Not only could she tell when I was home, but depending on which light was on, she could tell what room I was in. Goldfish have more privacy. I wasn’t doing anything wrong or devious, mind you, but more than once I found myself huddled over a hoagie in the living room with the lights off in order to enjoy a few minutes of alone time. I felt like a bug on a microscope slide.

It also seemed weird to have friends over and sometimes not invite her, even though there were times when, naturally, I just wanted to be alone with my buddies. And unlike when I was dating Amiko, now there was zero pressure to go out and do exciting things. All we had to do was walk across the hall and — boom — insta-date! My dating life went from taking someone to concerts and amusement parks to “How about we just throw on some flip-flops and grab a burrito?” Now I understand why, when online-dating profiles ask how many miles away your potential date can live, people don’t check “zero.”

Needless to say, this relationship didn’t go the distance either.

Figuring out the right dating distance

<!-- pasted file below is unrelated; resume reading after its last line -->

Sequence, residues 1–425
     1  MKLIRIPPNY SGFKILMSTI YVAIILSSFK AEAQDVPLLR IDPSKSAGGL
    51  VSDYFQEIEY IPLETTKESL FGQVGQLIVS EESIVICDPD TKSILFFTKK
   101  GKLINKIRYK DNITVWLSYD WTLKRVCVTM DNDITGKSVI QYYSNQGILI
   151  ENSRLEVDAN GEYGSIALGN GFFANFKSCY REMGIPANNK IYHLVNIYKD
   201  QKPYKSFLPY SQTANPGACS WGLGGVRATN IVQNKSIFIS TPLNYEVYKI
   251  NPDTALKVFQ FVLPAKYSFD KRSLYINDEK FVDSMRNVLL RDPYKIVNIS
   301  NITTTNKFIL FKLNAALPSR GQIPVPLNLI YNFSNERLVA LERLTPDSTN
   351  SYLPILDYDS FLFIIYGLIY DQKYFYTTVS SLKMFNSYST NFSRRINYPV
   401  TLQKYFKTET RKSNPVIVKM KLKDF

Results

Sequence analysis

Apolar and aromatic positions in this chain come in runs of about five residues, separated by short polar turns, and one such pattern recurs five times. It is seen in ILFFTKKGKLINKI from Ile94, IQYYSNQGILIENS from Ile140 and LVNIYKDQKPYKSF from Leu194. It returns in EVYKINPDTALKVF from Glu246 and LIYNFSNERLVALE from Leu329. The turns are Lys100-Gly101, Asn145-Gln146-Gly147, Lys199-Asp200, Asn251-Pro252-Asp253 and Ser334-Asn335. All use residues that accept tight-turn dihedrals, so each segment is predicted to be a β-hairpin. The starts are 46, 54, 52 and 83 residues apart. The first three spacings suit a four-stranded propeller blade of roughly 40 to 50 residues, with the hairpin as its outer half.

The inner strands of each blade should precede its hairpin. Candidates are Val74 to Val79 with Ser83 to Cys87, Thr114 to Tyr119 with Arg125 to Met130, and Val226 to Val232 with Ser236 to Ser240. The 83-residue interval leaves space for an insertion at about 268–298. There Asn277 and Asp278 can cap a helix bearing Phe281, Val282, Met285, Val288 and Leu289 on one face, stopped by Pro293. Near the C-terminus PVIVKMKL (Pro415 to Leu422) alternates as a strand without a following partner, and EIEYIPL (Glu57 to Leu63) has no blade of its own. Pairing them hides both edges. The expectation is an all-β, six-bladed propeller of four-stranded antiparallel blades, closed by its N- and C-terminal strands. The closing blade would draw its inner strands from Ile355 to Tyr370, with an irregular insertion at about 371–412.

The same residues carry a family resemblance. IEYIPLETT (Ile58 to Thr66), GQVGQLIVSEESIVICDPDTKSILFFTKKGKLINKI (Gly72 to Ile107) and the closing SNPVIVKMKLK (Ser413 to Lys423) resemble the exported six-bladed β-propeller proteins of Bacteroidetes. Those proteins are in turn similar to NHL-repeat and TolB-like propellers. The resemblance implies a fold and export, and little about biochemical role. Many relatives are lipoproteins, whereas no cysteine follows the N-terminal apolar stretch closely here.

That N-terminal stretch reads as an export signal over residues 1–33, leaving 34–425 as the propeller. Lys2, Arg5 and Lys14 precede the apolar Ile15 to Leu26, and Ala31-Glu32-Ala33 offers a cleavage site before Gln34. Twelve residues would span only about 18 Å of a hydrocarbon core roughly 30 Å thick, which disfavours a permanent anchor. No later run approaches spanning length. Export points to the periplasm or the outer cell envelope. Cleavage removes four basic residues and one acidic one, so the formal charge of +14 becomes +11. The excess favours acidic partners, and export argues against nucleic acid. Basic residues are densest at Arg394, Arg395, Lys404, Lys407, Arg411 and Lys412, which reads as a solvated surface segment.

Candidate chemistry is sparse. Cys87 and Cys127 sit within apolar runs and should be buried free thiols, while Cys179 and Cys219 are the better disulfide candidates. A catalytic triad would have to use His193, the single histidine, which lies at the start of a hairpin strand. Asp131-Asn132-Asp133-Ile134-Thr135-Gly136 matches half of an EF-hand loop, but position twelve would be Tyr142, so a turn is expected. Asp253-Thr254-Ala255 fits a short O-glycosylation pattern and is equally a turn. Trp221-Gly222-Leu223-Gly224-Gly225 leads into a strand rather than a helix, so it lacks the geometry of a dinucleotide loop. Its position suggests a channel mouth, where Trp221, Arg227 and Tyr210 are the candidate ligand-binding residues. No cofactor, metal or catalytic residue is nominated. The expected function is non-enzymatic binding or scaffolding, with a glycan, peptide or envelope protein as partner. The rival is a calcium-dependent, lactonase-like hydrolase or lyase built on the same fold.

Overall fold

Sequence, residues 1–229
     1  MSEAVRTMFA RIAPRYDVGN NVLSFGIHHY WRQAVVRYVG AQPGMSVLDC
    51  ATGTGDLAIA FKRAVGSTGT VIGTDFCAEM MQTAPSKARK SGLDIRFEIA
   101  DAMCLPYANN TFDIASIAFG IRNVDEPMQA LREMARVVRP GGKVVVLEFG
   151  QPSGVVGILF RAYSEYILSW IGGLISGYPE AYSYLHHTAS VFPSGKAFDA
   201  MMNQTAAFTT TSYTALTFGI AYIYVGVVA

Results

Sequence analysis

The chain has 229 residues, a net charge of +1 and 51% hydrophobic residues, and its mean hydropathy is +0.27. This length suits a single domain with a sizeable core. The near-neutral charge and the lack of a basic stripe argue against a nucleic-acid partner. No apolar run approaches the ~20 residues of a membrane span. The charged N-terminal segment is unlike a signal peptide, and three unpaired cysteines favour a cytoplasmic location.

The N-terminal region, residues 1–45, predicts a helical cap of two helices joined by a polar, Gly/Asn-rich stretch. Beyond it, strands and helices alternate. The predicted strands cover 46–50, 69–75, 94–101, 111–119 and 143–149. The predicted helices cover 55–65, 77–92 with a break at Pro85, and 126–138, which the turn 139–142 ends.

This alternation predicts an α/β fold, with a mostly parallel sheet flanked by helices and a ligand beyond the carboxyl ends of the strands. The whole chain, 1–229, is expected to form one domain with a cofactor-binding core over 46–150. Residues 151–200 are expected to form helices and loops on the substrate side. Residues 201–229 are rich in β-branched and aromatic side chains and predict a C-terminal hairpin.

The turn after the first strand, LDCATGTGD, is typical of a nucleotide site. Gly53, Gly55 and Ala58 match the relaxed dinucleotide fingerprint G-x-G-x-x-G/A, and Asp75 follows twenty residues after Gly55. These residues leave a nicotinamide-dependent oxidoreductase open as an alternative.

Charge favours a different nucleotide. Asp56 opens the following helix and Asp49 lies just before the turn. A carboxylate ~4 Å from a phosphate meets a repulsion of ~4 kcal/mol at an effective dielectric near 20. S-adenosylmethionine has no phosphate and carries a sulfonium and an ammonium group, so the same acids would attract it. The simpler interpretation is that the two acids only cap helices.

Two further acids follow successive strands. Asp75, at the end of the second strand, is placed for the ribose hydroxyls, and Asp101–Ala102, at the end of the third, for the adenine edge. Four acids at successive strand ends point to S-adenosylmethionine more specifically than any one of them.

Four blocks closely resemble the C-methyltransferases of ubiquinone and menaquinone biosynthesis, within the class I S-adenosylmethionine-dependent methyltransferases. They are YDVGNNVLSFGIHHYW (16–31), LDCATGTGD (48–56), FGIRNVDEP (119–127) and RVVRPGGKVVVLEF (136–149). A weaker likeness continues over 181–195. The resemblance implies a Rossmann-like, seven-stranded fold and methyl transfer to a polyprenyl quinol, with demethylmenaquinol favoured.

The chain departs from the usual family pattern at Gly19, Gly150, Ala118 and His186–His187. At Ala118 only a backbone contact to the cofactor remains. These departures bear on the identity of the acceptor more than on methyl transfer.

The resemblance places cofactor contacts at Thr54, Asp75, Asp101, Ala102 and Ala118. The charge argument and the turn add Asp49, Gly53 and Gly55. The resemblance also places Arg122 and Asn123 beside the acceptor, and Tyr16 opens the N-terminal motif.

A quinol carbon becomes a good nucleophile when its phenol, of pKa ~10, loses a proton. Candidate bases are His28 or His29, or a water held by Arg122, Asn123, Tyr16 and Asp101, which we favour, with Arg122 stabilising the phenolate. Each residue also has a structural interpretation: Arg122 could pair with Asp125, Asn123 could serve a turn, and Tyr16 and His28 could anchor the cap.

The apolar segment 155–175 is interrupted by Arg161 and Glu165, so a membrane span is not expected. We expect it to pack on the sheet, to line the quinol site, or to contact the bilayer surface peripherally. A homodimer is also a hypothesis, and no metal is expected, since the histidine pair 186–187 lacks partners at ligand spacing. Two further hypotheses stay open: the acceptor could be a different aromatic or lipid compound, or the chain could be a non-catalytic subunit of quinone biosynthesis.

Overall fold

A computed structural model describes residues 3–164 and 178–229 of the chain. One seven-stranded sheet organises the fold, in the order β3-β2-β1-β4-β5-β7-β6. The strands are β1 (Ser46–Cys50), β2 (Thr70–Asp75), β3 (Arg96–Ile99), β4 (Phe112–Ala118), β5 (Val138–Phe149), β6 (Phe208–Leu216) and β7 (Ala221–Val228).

But neither of these experiences means that a very long- or short-distance relationship can’t work. It can. What I realized is that you have to treat each relationship — despite the geography — like it’s a middle-distance relationship. To see if there’s long-term potential in a long-distance relationship, sometimes you have to do mundane things together, like ordering pizza and watching a movie or playing a board game. And if you’re dating someone short-distance, you’ve got to respect each other’s privacy and not take getting together for granted.

I’ll admit, though, that when updating my online dating profile recently, I chose “25” as the number of miles from me I’d like my potential mate to live. Of course, the goal is to get married and make that number zero, but in the meantime, 25 seems right. It’s far enough away that I can maintain some semblance of privacy yet close enough to eliminate any chance that I’ll end up eating in a theme restaurant.

Michael Kramer is an Emmy-nominated writer living in Los Angeles. He is a staff writer on the ABC series Men In Trees. He can be reached at